If you haven’t already heard, Alicia Keys has a brand new single with an album on the way. Yesterday she sat down with Zane Lowe to talk about it, and from the sound of things, she’s feeling rejuvenated.
“All this music that we’ve been doing for this album has just been like this,” she expressed to Zane. “It’s been like the first time that I’ve experienced creating music in what I would call a “raining down,” and it’s been so humbling and almost like incredible to experience that I’ve been on my knees a lot of the time just like giving thanks because it’s that spiritual and powerful and just dope.”
She also shared details about what to expect from her new project, as well as the first time she spoke to Prince. Read what the pop/R&B superstar had to say below, and be sure to tune into SNL this weekend – she’ll be performing.
On her new album:
“[This album] has been very communal. It started with four incredible people all together: myself, Mark Batson, an incredible producer writer, Herold Lilly, who wrote a lot of my first songs with me, and Swizz. And we are all from all types of parts of the planet and the world. We all – most of us are from New York, but like our experiences – and so when we all got together it was kind of this sonic combustion of music that doesn’t go together normally, and you’re gonna hear that. You’re gonna hear that in all the music that you feel. It feels like… different. It feels familiar and comfortable and warm and then… different . . . It’s all the topics and the conversation about me personally and also where we all are – what we’re all going through. It’s definitely stuff that you’re gonna dig deep into.”
On the first time she spoke to Prince:
“It was the first album and I had to call him to approve me doing “How Come You Don’t Call Me?” And I had never spoken to anybody like that, like who I admire to that degree, and it was such an ordeal. It was like so complicated. It was very 007. Very. When we finally spoke, and he was super cordial and like just praising what I was doing and that he had been watching me and that obviously lifted me up to another level just inside of myself, he asked me to come to Paisley Park and perform . . . First when I got on the phone with him I was elevated to another level, and then he asked me to come play at Paisley Park – that was a whole other level and I just couldn’t believe I was speaking to this man. I said “What am I doing on the phone with this man?”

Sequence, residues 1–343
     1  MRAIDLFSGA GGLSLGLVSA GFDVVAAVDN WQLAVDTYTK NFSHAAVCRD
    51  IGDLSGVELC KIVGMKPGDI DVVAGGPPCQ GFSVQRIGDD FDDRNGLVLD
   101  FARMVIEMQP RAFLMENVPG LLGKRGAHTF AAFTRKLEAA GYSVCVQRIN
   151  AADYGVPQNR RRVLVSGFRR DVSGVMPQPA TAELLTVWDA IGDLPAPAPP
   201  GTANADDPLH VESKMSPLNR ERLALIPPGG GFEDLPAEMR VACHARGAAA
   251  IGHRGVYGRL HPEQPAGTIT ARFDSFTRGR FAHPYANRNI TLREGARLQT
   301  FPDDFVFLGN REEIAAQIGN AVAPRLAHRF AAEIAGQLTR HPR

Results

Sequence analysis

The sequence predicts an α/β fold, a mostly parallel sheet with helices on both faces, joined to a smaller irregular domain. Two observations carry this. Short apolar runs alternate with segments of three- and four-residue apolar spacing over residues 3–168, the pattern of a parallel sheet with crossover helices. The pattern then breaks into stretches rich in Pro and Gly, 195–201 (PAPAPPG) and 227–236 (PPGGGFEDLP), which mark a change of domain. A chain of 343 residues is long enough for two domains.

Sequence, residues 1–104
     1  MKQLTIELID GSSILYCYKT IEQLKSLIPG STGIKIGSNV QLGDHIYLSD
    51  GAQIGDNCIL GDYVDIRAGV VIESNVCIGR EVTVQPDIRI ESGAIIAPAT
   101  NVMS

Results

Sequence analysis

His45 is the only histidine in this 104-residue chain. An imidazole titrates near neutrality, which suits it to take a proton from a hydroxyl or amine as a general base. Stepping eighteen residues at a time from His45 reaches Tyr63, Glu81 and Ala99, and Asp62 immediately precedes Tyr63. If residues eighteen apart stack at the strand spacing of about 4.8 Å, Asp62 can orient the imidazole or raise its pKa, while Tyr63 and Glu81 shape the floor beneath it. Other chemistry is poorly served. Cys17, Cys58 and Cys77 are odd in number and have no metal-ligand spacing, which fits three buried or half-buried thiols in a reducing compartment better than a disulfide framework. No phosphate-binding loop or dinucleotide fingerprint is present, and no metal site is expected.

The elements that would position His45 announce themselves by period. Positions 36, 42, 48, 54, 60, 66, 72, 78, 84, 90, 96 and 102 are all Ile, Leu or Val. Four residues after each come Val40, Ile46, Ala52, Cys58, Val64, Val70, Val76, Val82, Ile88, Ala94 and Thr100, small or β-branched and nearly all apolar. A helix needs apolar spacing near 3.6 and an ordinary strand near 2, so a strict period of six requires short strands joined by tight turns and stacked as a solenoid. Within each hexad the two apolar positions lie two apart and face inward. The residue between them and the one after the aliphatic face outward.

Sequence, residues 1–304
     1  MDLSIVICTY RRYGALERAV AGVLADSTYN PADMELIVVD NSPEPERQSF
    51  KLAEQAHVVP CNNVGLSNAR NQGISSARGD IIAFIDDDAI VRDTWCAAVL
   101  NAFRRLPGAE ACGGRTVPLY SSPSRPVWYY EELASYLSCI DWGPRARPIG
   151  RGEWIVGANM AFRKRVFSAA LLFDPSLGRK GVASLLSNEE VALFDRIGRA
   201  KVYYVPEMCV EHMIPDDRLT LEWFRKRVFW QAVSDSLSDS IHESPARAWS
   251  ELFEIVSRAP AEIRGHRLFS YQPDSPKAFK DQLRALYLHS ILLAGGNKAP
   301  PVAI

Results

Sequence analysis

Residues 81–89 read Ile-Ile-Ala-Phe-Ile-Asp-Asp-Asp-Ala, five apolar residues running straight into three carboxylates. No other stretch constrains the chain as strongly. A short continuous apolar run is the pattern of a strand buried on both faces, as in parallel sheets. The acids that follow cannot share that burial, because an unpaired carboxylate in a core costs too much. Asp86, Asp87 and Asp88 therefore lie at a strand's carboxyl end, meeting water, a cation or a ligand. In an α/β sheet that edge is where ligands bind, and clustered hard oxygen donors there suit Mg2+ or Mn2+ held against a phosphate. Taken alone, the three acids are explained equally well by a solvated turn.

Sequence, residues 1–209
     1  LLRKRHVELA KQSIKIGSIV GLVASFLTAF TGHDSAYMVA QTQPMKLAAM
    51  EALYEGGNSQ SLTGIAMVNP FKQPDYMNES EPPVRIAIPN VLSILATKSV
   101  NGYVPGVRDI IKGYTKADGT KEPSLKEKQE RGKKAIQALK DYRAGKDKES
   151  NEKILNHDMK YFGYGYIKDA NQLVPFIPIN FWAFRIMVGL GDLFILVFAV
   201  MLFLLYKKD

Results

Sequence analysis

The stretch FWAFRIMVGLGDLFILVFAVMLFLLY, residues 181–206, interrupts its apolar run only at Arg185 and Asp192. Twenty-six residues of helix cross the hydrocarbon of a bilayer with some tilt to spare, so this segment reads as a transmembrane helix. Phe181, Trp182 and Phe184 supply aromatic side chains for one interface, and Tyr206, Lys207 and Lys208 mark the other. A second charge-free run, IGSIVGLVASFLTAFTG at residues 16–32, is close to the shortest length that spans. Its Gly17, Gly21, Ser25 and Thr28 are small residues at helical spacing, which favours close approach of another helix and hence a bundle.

On Prince’s influence:
“To me [Prince] is obviously one of the most incredible musicians that we’ve ever been gifted with, and I think what makes him so dope is his lack of caring of who you want him to be or expect him to be or think what box he should fit in. He’s like, “In fact, I’m gonna do exactly opposite.” For him to be able to cross genres like that, by the way, that’s no easy feat. You don’t just easily cross through different genres. You don’t just easily do like a rock song and then hop over to like a soulful R&B song and then – quick! – do a dope pop song. And then yet you don’t lose yourself within it. You are still fully completely yourself . . . He taught me to put art first. He always put art first. It wasn’t about commerce to him. It was about the art, and I think that’s incredible.”
SOURCE: Apple Music / Beats 1 Radio | PHOTO CREDIT: RCA Records